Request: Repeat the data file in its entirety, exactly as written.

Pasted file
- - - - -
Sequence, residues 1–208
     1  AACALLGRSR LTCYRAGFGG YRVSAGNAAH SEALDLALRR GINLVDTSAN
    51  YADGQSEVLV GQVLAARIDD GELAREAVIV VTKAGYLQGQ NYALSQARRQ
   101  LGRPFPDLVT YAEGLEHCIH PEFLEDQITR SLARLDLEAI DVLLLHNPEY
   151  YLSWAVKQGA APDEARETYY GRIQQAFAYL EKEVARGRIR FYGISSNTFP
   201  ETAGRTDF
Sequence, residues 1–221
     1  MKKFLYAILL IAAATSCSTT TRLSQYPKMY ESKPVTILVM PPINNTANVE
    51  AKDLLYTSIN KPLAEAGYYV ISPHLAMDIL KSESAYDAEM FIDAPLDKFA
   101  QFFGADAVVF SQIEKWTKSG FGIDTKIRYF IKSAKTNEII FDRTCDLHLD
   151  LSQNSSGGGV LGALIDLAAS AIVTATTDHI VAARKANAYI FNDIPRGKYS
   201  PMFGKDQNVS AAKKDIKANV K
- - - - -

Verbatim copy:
Sequence, residues 1–208
     1  AACALLGRSR LTCYRAGFGG YRVSAGNAAH SEALDLALRR GINLVDTSAN
    51  YADGQSEVLV GQVLAARIDD GELAREAVIV VTKAGYLQGQ NYALSQARRQ
   101  LGRPFPDLVT YAEGLEHCIH PEFLEDQITR SLARLDLEAI DVLLLHNPEY
   151  YLSWAVKQGA APDEARETYY GRIQQAFAYL EKEVARGRIR FYGISSNTFP
   201  ETAGRTDF
Sequence, residues 1–221
     1  MKKFLYAILL IAAATSCSTT TRLSQYPKMY ESKPVTILVM PPINNTANVE
    51  AKDLLYTSIN KPLAEAGYYV ISPHLAMDIL KSESAYDAEM FIDAPLDKFA
   101  QFFGADAVVF SQIEKWTKSG FGIDTKIRYF IKSAKTNEII FDRTCDLHLD
   151  LSQNSSGGGV LGALIDLAAS AIVTATTDHI VAARKANAYI FNDIPRGKYS
   201  PMFGKDQNVS AAKKDIKANV K